The best novels where everyday reality is charged with the energy of the dark fantastic

Stephen Gallagher Author Of The Bedlam Detective
By Stephen Gallagher

Who am I?

They say that we begin by imitating what we love and find our personal themes in the process, and that’s certainly been true for me. I grew up reading horror and fantasy and now I write realistic fiction with something deeper and darker always throbbing under the surface. My subjects can be contemporary, like Nightmare, with Angel or The Spirit Box, but I’ve had some of my biggest critical successes with historical fiction. I’ve had parallel career paths in books and TV, each often crossing with the other, but it’s in the novels and short stories that you’ll find me uniquely invested.

I wrote...

The Bedlam Detective

By Stephen Gallagher,

Book cover of The Bedlam Detective

What is my book about?

It's 1912 and Sebastian Becker, Special Investigator to the Lord Chancellor's Visitor in Lunacy, arrives in the West Country to interview Sir Owain Lancaster on his run-down country estate. Descending from his train in the coastal town of Arnmouth, Becker finds the entire community mobilised in a search for a pair of missing girls.

Sir Owain is one of only two survivors of a self-funded Amazonian expedition which saw his entire party wiped out, wife and child included. His explanation for that tragedy was a nightmarish fantasy of lost-world monsters and mythical beasts. The questions that face Sebastian: what really happened then, and how dangerous is this man now? A Kirkus 100 Best Books of the Year pick.

The books I picked & why

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The Land of Laughs

By Jonathan Carroll,

Book cover of The Land of Laughs

Why this book?

I defy any reader not to fall in love with The Land of Laughs. Tom Abbey and ‘spirited girlfriend’ Saxony Gardner head to the small Midwestern town where children’s author Marshall France once lived and wrote, with the aim of persuading France’s daughter to approve a biography. They come to realise that the town has a personality that’s unlike any other, as much the author’s creation as his adopted home. Warm, surprising, funny, scary; if, like me, you were ever captivated in childhood by a favourite writer’s imagined world and wish you could go there again, then this is the book for your adult self.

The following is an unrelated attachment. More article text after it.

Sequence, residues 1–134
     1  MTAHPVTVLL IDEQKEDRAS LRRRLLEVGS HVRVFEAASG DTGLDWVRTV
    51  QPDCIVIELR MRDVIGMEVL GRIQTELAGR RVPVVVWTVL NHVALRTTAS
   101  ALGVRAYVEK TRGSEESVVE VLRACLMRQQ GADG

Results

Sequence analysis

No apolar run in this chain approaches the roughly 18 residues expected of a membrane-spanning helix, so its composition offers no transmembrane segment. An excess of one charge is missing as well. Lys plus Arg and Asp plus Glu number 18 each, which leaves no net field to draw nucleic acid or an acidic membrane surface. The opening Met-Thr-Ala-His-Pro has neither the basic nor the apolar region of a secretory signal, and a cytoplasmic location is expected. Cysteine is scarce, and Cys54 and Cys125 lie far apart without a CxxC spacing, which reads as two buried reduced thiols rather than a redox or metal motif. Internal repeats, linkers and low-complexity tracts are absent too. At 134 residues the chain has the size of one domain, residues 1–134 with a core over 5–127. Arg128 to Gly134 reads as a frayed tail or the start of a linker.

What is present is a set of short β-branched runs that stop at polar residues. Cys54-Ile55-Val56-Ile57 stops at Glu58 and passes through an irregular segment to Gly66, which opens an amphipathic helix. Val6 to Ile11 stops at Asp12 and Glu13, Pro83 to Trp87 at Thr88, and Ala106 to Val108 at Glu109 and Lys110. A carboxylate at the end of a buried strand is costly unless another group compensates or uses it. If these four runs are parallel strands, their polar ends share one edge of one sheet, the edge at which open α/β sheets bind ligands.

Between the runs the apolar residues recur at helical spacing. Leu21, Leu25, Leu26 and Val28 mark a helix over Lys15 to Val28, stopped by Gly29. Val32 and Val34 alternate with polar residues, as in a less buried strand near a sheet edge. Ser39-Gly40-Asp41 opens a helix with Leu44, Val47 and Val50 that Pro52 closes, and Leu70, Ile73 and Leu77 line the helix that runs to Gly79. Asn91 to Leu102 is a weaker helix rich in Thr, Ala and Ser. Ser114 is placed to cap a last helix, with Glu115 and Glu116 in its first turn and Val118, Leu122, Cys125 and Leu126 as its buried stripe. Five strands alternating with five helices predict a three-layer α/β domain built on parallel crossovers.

Blind Voices

By Tom Reamy,

Book cover of Blind Voices

Why this book?

Tom Reamy’s first novel was also to be his last. Its carnival sideshow setting is reminiscent of Geek Love, Nightmare Alley, and much of Ray Bradbury, but with a poignancy and sense of place that set it apart. I can guarantee that you’ll never forget Angel, the mute, blind flying boy. Reamy was an active genre critic, editor, and convention organiser for at least two decades before he began submitting the fiction he’d been working on in private. Its impact was immediate but he saw little of its success, struck by a heart attack while working on a story at the age of 42. For me his legacy—this novel, and the collection San Diego Lightfoot Sue and Other Storiesequal that of many a more prolific author.

Frankenstein's Prescription

By Tim Lees,

Book cover of Frankenstein's Prescription

Why this book?

This book arrived in the avalanche of volumes that descended on my house the year I agreed to join the judging panel for the World Fantasy Awards, and for me it shone out. The story’s told by Hans Schneider, who kills a fellow student when a duel goes wrong and ends up working in a low-rent asylum. There he meets the mysterious Dr. Lavenza and joins him in a mission to locate Victor Frankenstein’s formula for eternal life. It’s written with style and wit and a great sense of period. I felt so strongly about the lack of a paperback edition that I later offered to create one for the Brooligan Press. And for the avoidance of doubt, I don’t make a penny from its sales!

The Electric Michelangelo

By Sarah Hall,

Book cover of The Electric Michelangelo

Why this book?

Sarah Hall is a phenomenal writer and this is the novel that got me hooked. The Electric Michaelangelo of the title is tattoo artist Cy Parks, a man whose heart, art, and the love of his life are all inextricably entangled. The narrative charts his journey from a Morecambe childhood to a tattoo booth on Coney Island and back again, and it’s another take on the kind of Sideshow Gothic that I love. Hall writes accessible award-worthy novels in prose that’s stripped of any pretentiousness. After reading this and then her debut novel Haweswater I just order whatever she publishes, sight unseen.


By Geoff Ryman,

Book cover of Was

Why this book?

Ryman describes himself as a fantasy writer who fell in love with realism, and there’s something of that in each of the novels I’ve chosen here. In Was he draws together three story strands and weaves from them something unique and moving around the cultural tentpole of The Wizard of Oz. The main strand concerns little Dorothy Gael whose harsh life inspires Baum’s fictional revision of her unhappy childhood: then there’s ‘baby Frances’ who, as Judy Garland, embodies Dorothy in screen fantasy: and Frank, a dying man for whom Garland’s movie has been a lifelong obsession and source of comfort. The connections are effortless, the story engrossing. Here’s a confession; I love this book, but I’ve never actually read or watched The Wizard of Oz.

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